We did not get clear weather to view all the peaks around that place. Later, I learnt that lots of peaks are viewable from that site.. specially Trishuli and Trishuli West. We just saw Hardeol and Rishi Pahad.

 

crevasses of bagini glacier

crevasses of baghini glacier

crevasses of baghini glacier

crevasses of baghini glacier

lost in wonderland

lost in wonderland​

magical plays of the elements of nature

magical plays of the elements of nature​

Rishi Pahad and Hardeol

Rishi Pahad and Hardeol ​

A Sad Return

It felt very frustrating when the weather cleared to open out all the peaks, we were heading back to Dronagiri village !!   It took us little more than 2  hours to reach Dronagiri village back. The pleasant aunty welcomed us all for tea. I gave her my tulsi green tea bags in return and clicked some photographs of her. It was marking the end of our trek. Some self-cooked starters kept the energy flowing.  Later in the evening, I had a discussion with a very old man who had lost one hand and was the caretaker for the 'in-construction' building. We were discussing marriage which I was against, and he was continuously supporting it. As our argument continued,  he gave me quite some points which made my mind weaker to support my own thoughts   :-)  though I did not let him feel that..  :-)

The next day we headed for Jumma, booked sumo from Ruing, and reached Joshimath the same day. The hospitality of the Dronagiri villagers will be remembered forever..  and has definitely impacted my life.

old woman in dronagiri village

our team


Some journeys change you as the person you are..  some journeys make you a better person... Trekking the Himalayas is a very special sport...

View User Profile for Suman

Every day I keep learning new things, but as of now, I think I can describe myself as a Loyal Himalayan Lover, Avid Trekker, Student Of Mountaineering, Amateur Photographer and an Enthusiastic Anthropologist. I am a Computer Science Engineer by education and previously worked as a Software Developer for premium IT companies. However, I quit the luxury of a high-earning corporate job and left behind the herd to walk towards the spiritual path laid down by the Godly Himalayas. At the age of 27 with no savings at all and being the only son from a lower-middle-class family, it was too young to fight against the family who in turn had to fight against the rules laid down by society. However, with my determination and perseverance, everything became smooth by passing time.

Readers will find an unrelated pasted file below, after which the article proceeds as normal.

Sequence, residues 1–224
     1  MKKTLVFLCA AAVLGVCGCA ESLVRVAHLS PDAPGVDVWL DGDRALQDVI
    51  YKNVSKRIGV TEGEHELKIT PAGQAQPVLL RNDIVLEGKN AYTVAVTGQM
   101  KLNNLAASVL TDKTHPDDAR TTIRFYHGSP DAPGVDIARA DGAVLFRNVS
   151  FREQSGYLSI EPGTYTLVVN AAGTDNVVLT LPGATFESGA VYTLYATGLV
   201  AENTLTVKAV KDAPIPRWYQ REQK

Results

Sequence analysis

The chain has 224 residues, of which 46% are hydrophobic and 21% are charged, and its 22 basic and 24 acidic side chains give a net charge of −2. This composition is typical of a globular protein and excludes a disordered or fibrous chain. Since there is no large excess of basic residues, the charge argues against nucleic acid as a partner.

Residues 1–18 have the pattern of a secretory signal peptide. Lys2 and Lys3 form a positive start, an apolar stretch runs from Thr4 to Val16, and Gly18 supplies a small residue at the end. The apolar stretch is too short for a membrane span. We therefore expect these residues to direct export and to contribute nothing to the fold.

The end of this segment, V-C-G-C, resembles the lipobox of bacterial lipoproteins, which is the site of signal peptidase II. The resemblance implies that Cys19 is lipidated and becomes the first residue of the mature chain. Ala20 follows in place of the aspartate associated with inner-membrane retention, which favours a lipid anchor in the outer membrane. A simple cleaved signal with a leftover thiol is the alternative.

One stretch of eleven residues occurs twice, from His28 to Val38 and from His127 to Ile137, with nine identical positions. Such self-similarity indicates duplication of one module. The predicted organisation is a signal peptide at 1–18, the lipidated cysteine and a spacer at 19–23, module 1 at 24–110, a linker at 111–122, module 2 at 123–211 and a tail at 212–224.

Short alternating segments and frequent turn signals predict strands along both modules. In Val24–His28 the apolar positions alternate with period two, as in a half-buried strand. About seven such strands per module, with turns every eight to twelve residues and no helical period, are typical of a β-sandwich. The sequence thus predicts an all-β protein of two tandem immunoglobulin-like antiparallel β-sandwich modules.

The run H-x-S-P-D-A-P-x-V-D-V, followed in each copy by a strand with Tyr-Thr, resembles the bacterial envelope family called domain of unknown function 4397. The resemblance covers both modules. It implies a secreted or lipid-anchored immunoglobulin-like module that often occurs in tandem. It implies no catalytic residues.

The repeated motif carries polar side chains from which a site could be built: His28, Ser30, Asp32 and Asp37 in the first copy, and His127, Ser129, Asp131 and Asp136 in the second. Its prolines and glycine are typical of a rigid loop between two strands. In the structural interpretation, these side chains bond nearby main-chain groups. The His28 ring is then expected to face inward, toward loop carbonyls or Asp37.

It wasn't easy for me as I learnt the hard way from mistakes - my own and by observing others. I fought 2 major road accidents that broke my right tibia and femur. I underwent 7 surgeries that kept me away from the mountains, but I patiently fought them all to get back to trekking again in the Himalayas with rods and plates in my bones. Despite doctors saying I cannot walk properly ever again to getting back to trekking on the difficult routes again, Life made me understand very clearly what it wants out of me in this World. It wants me to serve the Himalayas and its community, live a peaceful, content and simple life. That's what I have dedicated my this life to. I am not religious, but spiritual. The Himalayas define my road.

The Himalayas today is spammed by mushrooming trek agencies and big companies who take pride in being India's Largest, biggest, oldest, etc. They are exploiting everything for the sake of profit. It is in dire need of regulation by credible Government authorities, Sustainable Tourism Practices needs to be forced upon every organisation, Small Group Sizes needs to be mandated, Fixed camping should be restricted in alpine zones and Negative Ecological Impact Trekking Protocols should be laid down immediately by governing bodies. With all these objectives, I founded Himalayan High in the year 2015. Learn more about Himalayan High on About Himalayan High

Posted by Suman Chowdhury Tuesday, May 12, 2015 12:13:00 PM Categories: